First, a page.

Blossom Films will go into production on The Last Anniversary for Binge next month, producers Nicole Kidman and Per Saari told SXSW Sydney today.
Based on a novel by Liane Moriarty, Kidman promised the series is “an Australian project with Australian accents for the world”.
While it is yet to be officially announced, production will start November 13. John Polson will direct, with Made Up Stories to produce alongside Blossom. A profile of Made Up Stories producer Jodi Matterson in the Sydney Morning Herald on the weekend also suggests that editor Deborah Peart is attached.
At SXSW, Kidman paid tribute to the late Brian Walsh, who she said fought fiercely to bring the show to the Foxtel Group.
“This is his project,” she said.
“He was watching over it. He wanted it. He wanted Binge and Foxtel to have it, and he fought like crazy to get it. And it’s devastating that he’s not here, but maybe he is.
“Brian’s been a huge part of my life through my whole career and to be able to just still continue his legacy is is fantastic. So, Brian Walsh, we miss you and we love you.”
Moriarty’s The Last Anniversary follows Sophie, who unexpectedly inherits the house of an aunt of an ex-boyfriend on Scribbly Gum Island, home of the famously unsolved Munro Baby mystery.
It is the third project based on a Moriarty book that Blossom Films has worked on, the others being Big Little Lies and Nine Perfect Strangers. Kidman said the Sydney author had become a great friend, and said her books were cinematic in their depiction of characters.
“She’s the same age, she’s got kids, She’s gone through similar things at different times. I think we’re just simpatico, simpatica. It was just one of those things where you go, ‘Wow, I really like this person, and they happen to be incredibly talented.’ But primarily, I just really like her, whether we ever work together again or not, I would still have her in my life.”
Kidman and Saari appeared in front of 2,500 people at the International Convention Centre, interviewed by Nine journalist Peter Overton. The conversation took place under obvious parameters, given Kidman was unable to discuss or name any projects she has acted in due to the SAG-AFTRA strike.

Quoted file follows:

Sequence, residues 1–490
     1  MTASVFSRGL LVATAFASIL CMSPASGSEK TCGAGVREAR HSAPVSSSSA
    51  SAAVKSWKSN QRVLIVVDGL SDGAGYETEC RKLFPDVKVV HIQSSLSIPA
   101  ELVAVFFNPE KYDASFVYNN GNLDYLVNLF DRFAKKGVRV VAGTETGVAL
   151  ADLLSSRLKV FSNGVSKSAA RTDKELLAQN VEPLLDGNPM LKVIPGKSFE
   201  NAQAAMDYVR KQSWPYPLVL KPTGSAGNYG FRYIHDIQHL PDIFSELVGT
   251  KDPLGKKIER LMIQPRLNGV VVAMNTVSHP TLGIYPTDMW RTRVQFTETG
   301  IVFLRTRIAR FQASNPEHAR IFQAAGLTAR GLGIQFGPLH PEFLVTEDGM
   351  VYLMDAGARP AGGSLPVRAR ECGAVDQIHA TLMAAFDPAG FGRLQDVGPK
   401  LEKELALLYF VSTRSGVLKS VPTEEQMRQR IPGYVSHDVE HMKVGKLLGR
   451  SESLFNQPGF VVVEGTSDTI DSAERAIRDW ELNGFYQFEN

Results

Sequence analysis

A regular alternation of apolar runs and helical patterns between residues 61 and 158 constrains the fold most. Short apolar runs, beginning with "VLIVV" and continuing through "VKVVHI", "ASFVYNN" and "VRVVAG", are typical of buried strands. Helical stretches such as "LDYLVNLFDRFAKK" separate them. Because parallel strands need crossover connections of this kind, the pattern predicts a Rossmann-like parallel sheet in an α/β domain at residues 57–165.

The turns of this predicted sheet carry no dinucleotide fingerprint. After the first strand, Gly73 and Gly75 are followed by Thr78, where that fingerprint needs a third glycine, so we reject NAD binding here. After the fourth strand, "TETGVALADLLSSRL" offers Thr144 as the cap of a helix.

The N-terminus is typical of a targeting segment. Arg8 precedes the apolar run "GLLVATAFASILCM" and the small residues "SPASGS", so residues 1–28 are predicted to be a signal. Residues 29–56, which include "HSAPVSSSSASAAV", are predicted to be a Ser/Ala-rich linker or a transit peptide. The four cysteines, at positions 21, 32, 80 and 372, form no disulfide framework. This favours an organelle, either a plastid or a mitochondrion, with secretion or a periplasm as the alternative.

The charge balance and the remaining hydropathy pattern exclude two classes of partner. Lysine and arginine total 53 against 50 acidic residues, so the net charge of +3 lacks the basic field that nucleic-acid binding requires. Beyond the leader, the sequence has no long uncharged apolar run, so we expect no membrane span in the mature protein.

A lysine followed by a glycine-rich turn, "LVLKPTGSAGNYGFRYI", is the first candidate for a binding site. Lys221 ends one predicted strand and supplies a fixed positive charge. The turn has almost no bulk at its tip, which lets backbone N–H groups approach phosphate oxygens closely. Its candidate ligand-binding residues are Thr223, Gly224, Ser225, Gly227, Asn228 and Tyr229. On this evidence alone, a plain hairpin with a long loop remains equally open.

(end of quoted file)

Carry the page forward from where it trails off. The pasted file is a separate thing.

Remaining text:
Asked why she wanted to start a production banner – she and Saari started Blossom back in 2010 – Kidman said she was spontaneous and ready to try things despite the pressure of having a high profile.
“I’m willing to fail. And I’ve failed many times. But then I get back up again,” she said.
“I push on through and and just try things. You can always talk yourself out of doing something. It’s easy to find all the reasons why not to do it and how it’s not going to work, ‘all these things are going to go wrong’. It’s much easier just to go, ‘Yes, let’s go’ and then work it all out later.”
Kidman said at the heart of Blossom was supporting writers and filmmakers, particularly exciting new talent. For instance, after seeing The Farewell, Kidman said she chased director Lulu Wang “relentlessly” to create and shoot its Amazon series The Expats, based on a novel by Janice Y. K. Lee. Similarly, she said she loved being able to give Mimi Cave her biggest break yet in Holland, Michigan.
“I’m very excited when you find people who are who are going to be the next ‘greats’ out there,” she said.
Kidman also discussed working with Karyn Kusama, who had told her how her career had stalled.
“She was over 45 and she was like, ‘I’m stuck. No one will take a risk on me now, and I’m sort of done.’ And I’m like, ‘No, you’re not. I’ll go to bat for you.’ And we went into the gutters of LA and made a very, very low budget film. And she’s now had massive success with Yellowjackets and she’s got a huge career,” she said.
“She’d done Girlfight when she was really young, which is a great film, but then she’d had some failures, or what were perceived as failures, and suddenly, it was like, ‘Nup, you’re over’. And I don’t like that because I’ve actually been in that position where people have gone, ‘Oh, you’ve had some failures, you’re over’. And it’s like, ‘Oh, really? You’re telling me that? No way, give me another chance.’
“You have to be able to fail. And unfortunately right now it’s so cutthroat and the judgement on people is so severe, so quickly, that kind of gets lost along the way. And I can’t stand that.”
Kidman noted that in Blossom’s journey so far, she and Saari had a good strike rate and “haven’t lost money for anyone”.
Saari added: “Everything has made investors their money back.That’s a responsibility that we really take seriously, whether it’s a studio or an independent financier or the dentist down the street. They invested in us and what we believed in, and we owe that back.”
Their early productions were made modestly, with Kidman admitting to laughter she had at one point “peed in a bush”.
“There was nothing around, we had very little time and we were losing the light. So it’s like, ‘Go behind the tree’. You’ve got to do what you’ve got to do to get the shot.”